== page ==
Others of us worked the steps together with a fellow member, forming a co-sponsorship relationship with a program friend. We shared what we were learning about the spiritual principles of recovery and were accountable to each other as we put those principles into practice in our lives. For more information on co-sponsoring, see page 10 of January-February, 2021 (Volume 15, issue 1) edition of The Outer Circle newsletter.
Step Study Groups
Another option is joining an ISA step study in which members work the Twelve Steps of SAA with the focus of recovery from intimacy avoidance and/or sexual avoidance as a group. Typically, participants are invited to complete assignments and meet weekly with a sharing partner, as well as attend a weekly group video meeting. These groups typically meet for six months. The group approach for working the SAA Twelve Steps has been a creative alternative for some of us, giving us the opportunity to develop trust within a group setting.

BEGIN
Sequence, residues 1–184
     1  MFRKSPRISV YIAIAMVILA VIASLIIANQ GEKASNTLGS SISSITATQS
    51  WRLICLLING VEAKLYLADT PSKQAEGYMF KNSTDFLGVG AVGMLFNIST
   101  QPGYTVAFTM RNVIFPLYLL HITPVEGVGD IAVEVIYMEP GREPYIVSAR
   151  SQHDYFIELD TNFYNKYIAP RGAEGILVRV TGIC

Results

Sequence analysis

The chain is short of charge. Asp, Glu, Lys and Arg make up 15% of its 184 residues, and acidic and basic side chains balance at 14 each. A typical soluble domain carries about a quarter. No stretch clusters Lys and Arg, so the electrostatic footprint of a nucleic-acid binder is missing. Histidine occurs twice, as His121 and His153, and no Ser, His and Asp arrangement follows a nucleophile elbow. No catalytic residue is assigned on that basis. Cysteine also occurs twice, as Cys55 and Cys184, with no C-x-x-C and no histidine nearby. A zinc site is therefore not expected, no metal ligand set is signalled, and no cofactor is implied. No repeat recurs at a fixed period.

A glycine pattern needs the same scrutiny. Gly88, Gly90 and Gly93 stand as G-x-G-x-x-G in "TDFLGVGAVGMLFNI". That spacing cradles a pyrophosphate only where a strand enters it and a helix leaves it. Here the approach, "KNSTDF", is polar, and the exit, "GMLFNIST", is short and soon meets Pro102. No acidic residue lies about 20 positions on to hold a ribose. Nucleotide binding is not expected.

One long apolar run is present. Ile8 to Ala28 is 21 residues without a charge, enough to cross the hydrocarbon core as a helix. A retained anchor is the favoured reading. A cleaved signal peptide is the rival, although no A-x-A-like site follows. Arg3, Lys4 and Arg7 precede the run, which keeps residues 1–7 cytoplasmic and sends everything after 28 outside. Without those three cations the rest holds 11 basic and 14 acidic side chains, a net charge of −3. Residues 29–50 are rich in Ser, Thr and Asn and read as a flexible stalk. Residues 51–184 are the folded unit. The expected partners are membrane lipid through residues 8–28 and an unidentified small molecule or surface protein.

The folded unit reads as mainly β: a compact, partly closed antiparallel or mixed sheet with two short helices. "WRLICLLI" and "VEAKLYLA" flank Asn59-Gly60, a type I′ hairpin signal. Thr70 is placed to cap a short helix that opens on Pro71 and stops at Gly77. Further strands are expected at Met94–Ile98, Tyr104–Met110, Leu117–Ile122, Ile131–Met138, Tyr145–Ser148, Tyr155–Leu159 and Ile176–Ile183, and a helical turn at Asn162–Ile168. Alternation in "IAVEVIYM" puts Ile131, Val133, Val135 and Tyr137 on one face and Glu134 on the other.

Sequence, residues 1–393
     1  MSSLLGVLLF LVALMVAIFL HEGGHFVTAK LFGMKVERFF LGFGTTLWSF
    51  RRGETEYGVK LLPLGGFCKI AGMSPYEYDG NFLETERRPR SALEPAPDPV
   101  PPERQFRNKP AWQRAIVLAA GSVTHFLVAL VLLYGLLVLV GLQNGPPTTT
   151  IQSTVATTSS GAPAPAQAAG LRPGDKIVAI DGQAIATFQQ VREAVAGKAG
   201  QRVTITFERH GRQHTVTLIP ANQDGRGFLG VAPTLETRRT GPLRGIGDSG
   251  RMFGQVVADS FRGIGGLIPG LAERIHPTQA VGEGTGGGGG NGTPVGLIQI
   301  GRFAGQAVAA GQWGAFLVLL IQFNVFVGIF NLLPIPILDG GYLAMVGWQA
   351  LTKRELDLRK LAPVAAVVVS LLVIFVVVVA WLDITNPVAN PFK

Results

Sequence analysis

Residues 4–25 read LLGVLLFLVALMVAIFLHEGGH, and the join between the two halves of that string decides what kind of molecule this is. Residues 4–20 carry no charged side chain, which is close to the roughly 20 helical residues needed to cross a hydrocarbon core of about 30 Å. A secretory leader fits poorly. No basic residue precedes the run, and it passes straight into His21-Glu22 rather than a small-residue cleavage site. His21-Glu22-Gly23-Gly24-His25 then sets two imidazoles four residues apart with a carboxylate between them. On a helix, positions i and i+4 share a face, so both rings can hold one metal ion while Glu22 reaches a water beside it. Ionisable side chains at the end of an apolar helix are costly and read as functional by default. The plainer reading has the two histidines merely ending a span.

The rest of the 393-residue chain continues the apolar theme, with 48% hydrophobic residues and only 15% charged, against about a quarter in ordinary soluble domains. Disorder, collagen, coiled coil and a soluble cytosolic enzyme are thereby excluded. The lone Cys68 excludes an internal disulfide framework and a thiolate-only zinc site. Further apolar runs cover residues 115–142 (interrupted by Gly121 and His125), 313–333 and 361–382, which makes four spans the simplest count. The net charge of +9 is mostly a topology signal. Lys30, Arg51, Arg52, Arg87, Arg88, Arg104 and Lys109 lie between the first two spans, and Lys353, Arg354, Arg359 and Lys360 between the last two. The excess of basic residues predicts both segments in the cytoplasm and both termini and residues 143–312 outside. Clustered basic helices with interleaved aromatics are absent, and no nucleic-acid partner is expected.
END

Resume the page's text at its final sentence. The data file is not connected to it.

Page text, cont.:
Please let the Intimacy and Sexual Avoidance
Awareness Committee know if you would like to be informed when the next ISA
step study begins,
7.5 SAA Resources for intimacy avoidance step work
To read the Intimacy and Sexual Avoidance
Newcomer Information Document, Literature Committee approved November 8, 2020,
click here. (This is a
Google doc. Can we put the Word/PDF
document on another page and link to it here?)
Recordings of intimacy and sexual avoidance-related convention workshops are available in the ISO online store. Look for titles with words such as intimacy, sexual anorexia, avoidance, intimate, healthy sexuality, etc.
Articles in the SAA bi-monthly newsletter, The Outer Circle, that talk about intimacy and sexual avoidance or sexual anorexia can be found at https://saa-recovery.org/news-events/saa-newsletter/